Sodium is an essential element for the body. However, it can cause many harmful effects when consumed in excess or even in too small quantities. Consequences and causes of changes in sodium levels: everything you need to know can be found in this article.
What is sodium?
Sodium is a mineral that the body needs in large amounts to function properly. It is a member of the electrolyte family. Their characteristic is that they carry an electrical charge when dissolved in body fluids such as blood. As a result, the roles of sodium in the body can easily be deduced.
Most sodium is found in the blood and in the fluids around the cells. In the body, sodium is stored in bones and blood plasma.
What is the difference between salt and sodium?
Salt is actually known as sodium chloride, of which sodium is only part of its composition. It is our table salt. There are 400 mg of sodium in 1g of salt.
What is the role of sodium in the body?
The main role of sodium is to regulate the body’s water content and therefore to maintain a normal water balance. It also plays a key role in the transmission of nerve impulses and muscle contraction.
Sodium also plays a role in the intestinal absorption and reabsorption by the kidneys of certain nutrients: chlorine, amino acids (constituents of proteins), glucose and water.
Sodium is also involved in the formation of bone tissue and helps maintain the body’s acid-base balance.
Sodium requirements are covered by the food and beverages ingested. The body draws on this sodium, uses it and then eliminates it, mainly in the form of sweat and urine thanks to the work of the kidneys. When functioning normally, the kidneys are able to maintain a constant level of sodium in the body. This is achieved by varying the amount of sodium excreted in the urine.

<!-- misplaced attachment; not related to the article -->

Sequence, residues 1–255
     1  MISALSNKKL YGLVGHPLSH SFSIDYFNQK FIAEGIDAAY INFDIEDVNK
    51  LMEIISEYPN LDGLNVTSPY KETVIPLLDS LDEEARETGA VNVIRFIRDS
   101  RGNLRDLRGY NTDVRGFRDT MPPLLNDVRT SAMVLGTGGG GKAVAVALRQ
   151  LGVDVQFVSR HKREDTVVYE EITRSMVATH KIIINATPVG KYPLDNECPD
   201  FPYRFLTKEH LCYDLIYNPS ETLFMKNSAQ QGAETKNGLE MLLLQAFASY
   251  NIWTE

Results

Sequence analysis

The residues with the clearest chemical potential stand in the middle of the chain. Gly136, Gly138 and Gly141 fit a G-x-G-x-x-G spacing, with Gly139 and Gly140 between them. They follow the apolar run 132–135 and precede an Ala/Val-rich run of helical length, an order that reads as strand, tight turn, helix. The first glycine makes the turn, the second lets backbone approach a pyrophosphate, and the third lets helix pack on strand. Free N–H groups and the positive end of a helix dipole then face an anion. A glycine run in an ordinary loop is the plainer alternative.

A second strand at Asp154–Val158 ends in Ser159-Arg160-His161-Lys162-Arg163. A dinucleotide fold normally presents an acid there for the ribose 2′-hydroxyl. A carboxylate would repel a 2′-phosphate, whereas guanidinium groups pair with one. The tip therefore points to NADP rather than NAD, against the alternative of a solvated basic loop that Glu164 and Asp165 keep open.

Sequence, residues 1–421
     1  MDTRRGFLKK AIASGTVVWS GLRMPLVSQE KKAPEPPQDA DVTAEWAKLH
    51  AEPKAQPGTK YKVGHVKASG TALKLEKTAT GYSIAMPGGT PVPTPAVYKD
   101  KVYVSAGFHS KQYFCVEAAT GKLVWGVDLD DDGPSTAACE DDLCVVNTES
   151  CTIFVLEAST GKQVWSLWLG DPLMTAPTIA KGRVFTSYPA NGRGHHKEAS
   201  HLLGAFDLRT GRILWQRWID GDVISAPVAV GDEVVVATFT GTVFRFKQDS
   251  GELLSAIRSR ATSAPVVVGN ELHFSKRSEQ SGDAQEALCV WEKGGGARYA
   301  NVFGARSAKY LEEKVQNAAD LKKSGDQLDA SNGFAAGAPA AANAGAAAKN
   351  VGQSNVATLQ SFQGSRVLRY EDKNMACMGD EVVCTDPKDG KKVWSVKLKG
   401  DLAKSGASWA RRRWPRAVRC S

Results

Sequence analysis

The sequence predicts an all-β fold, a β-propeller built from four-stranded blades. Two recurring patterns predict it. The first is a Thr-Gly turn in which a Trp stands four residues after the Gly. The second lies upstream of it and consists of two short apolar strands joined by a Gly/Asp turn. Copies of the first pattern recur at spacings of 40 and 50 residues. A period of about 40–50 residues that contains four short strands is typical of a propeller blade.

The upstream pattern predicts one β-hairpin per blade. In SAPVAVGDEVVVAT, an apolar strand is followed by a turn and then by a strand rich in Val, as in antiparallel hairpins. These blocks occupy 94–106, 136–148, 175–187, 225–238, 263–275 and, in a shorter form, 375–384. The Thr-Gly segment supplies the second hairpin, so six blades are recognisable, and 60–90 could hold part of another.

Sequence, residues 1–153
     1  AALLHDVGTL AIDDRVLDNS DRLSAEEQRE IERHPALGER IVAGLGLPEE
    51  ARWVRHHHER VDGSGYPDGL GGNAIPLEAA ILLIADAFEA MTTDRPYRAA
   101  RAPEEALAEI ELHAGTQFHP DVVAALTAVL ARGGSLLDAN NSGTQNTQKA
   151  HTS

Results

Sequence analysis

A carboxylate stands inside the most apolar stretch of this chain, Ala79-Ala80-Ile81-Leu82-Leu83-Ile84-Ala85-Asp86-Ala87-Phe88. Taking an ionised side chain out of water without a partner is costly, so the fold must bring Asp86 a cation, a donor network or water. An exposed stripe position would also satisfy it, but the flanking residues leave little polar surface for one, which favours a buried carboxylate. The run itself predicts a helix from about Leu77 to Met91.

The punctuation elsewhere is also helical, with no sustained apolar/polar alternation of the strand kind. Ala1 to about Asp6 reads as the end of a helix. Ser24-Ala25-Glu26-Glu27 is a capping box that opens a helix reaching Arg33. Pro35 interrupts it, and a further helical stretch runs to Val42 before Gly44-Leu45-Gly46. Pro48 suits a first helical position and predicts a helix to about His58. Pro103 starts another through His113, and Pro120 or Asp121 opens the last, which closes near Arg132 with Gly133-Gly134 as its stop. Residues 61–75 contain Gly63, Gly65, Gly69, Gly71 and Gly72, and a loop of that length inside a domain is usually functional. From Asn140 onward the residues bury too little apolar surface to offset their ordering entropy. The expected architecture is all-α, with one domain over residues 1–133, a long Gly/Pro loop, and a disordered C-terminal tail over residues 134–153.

When sodium intake and loss are no longer balanced, then the total amount of sodium is affected. In this way, the concentration of sodium in the blood can be too low, this is called hyponatremia, or too high, this is called hypernatremia.
What is hyponatremia?
What are the causes?
As explained earlier in the article, hyponatremia is caused by a low level of sodium in the body relative to the amount of fluid it contains. In this case, the amount of fluid in the body may be unchanged, insufficient or excessive, but in all cases the sodium is diluted.
There are numerous causes of hyponatremia. Vomiting or severe diarrhea are the most common, resulting in a significant loss of sodium. The mistake to make in this case is to compensate for the loss with water only, as the sodium becomes more and more diluted, its level does not increase sufficiently.
Furthermore, kidney disease, cirrhosis and heart failure are also responsible for causing hyponatremia. Indeed, they lead to water and fluid retention in the body. The proportion of fluids then exceeds the sodium, which becomes diluted and too low.
Thiazide diuretics are also a common reason for hyponatremia. These drugs provoke increased sodium excretion, which in turn increases water excretion.